The values stored in memory may be periodically changed or updated. Initially, the values stored in the memory may correspond to optimal vapor pressures of a new or properly functioning vapor recovery system. Variables such as amount of operating time, weather conditions, etc., may change the efficiency of the vapor recovery system. After a period of use, the vapor recovery system may be serviced and recalibrated and the updated amounts entered into the memory and used for comparison purposes.

A second testing procedure requires comparing the pressure levels along different portions of the vapor recovery line 34. A first test is performed with the vapor valve 51 closed, and the remainder of the downstream valves to the vapor pump 52 open. These registered values are monitored and stored within the control system 50. A second test is then performed with the vapor valve 51 opened, and the valve 17 in the closed position. The second test values are determined and compared against the results of the first test. A leak detected in the first test indicates a vapor leak between the vapor valve 51 and vapor pump 52. A leak detected in the second test indicates a leak between the valve 17 and the vapor valve 51. The hanging hardware may be checked in this manner when the valve 17 is placed in the nozzle 16, and the vapor valve 51 placed where the delivery hose 14 enters the dispenser housing 59.

In a third testing procedure, a section of the vapor recovery line 34 is pressurized and maintained for a period of time to determine whether there are any leaks. A pressure, either positive or negative, is created within at least a portion of the vapor recovery line 34. The pressure is then determined by the pressure sensor located along the portion of the vapor recovery line 34 and stored at the control system 50. The pressure in the portion is maintained for a predetermined period of time, and the pressure is again determined and sent to the control system 50. Changes in the pressure level between the first and second readings indicate the existence of a leak.

Additional valves may be placed along the vapor recovery line 34 for isolating sections for determining the position of an expected leak. Several testing procedures are discussed in U.S. Pat. Nos. 5,450,883 and 5,857,500. Those skilled in the art will recognize additional testing protocols using the valve positioned within the hanging hardware.

Testing may be performed at a variety of time instants. The control system 50 may be programmed to test at preset intervals. Alternatively, the testing may be initiated by a fueling station attendant or other personal and performed on an as-needed basis. Additionally, the test may be initiated from a remote, central office or may be initiated by a standards board or other like compliance organization.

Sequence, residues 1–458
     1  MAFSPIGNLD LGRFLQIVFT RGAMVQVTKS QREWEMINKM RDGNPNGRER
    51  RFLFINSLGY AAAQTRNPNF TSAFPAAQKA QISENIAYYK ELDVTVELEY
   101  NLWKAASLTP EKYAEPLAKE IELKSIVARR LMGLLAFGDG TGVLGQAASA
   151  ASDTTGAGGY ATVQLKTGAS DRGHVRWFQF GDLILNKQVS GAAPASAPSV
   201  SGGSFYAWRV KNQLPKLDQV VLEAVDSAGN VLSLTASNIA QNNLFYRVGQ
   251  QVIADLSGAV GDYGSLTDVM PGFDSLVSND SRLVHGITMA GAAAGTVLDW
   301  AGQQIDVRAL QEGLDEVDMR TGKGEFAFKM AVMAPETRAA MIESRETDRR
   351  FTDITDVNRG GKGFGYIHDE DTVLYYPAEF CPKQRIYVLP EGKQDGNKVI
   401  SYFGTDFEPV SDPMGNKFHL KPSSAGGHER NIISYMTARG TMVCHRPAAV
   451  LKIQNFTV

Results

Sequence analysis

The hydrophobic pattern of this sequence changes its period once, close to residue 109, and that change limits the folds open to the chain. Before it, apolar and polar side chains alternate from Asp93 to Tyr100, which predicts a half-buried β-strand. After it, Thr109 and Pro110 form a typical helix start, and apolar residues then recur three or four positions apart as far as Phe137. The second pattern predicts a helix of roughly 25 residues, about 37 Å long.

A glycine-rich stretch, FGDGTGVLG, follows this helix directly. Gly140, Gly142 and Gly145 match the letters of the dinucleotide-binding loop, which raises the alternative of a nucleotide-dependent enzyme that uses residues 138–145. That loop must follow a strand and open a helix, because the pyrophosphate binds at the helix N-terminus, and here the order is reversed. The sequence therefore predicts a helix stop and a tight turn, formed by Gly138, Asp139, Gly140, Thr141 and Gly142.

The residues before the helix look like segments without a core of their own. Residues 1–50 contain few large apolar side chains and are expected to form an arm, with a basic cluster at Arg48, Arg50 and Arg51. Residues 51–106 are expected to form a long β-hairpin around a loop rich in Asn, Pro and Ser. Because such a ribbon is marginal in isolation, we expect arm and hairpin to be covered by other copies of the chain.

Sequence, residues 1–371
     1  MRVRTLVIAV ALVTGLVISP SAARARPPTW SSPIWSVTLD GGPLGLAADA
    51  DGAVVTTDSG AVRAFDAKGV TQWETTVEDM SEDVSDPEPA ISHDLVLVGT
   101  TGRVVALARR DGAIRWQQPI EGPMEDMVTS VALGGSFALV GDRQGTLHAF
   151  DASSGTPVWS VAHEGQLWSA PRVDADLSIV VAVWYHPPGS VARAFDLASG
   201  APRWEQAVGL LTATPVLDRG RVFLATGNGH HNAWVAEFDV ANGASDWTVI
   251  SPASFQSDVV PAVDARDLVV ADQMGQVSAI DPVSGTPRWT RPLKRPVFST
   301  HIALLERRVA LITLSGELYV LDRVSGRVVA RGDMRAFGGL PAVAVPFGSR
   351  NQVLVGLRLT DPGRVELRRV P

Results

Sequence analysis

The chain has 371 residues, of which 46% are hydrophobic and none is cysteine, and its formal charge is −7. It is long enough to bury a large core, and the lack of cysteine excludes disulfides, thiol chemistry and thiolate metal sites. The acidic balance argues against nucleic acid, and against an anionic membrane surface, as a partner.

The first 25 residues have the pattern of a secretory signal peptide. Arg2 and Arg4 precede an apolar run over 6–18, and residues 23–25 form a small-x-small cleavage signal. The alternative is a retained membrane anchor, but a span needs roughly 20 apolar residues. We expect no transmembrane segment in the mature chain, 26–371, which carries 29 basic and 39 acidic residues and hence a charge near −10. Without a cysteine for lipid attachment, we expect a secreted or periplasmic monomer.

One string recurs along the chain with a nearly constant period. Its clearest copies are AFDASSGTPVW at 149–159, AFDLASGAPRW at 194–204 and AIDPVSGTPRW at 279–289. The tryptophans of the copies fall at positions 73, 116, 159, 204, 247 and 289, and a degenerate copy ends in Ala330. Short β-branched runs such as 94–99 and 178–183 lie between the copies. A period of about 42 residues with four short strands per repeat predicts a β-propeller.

A log file may be maintained within the control system 50 indicating the results of the pressure tests. The log file may also be maintained at a site controller or central controller.

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Classifications
U.S. Classification141/4, 141/302, 141/59, 141/94, 141/83, 141/45, 141/44
International ClassificationB67D7/04
Cooperative ClassificationB67D7/0496
European ClassificationB67D7/04C2
Legal Events
DateCodeEventDescription
Mar 2, 2010FPExpired due to failure to pay maintenance fee
Effective date: 20100108
Jan 8, 2010LAPSLapse for failure to pay maintenance fees
Jul 20, 2009REMIMaintenance fee reminder mailed
Jun 16, 2005FPAYFee payment
Year of fee payment: 4
Aug 28, 2002ASAssignment
Owner name: GILBARCO INC., NORTH CAROLINA
Free format text: CHANGE OF NAME;ASSIGNOR:MARCONI COMMERCE SYSTEMS INC.;REEL/FRAME:013177/0660
Effective date: 20020215
Owner name: GILBARCO INC. 7300 WEST FRIENDLY AVENUEGREENSBORO,
Free format text: CHANGE OF NAME;ASSIGNOR:MARCONI COMMERCE SYSTEMS INC. /AR;REEL/FRAME:013177/0660
Feb 7, 2000ASAssignment
Owner name: MARCONI COMMERCE SYSTEMS INC., NORTH CAROLINA
Free format text: ASSIGNMENT OF ASSIGNORS INTEREST;ASSIGNOR:NANAJI, SELFOLLAH;REEL/FRAME:010553/0503
Effective date: 20000128
Owner name: MARCONI COMMERCE SYSTEMS INC. 7300 WEST FRIENDLY A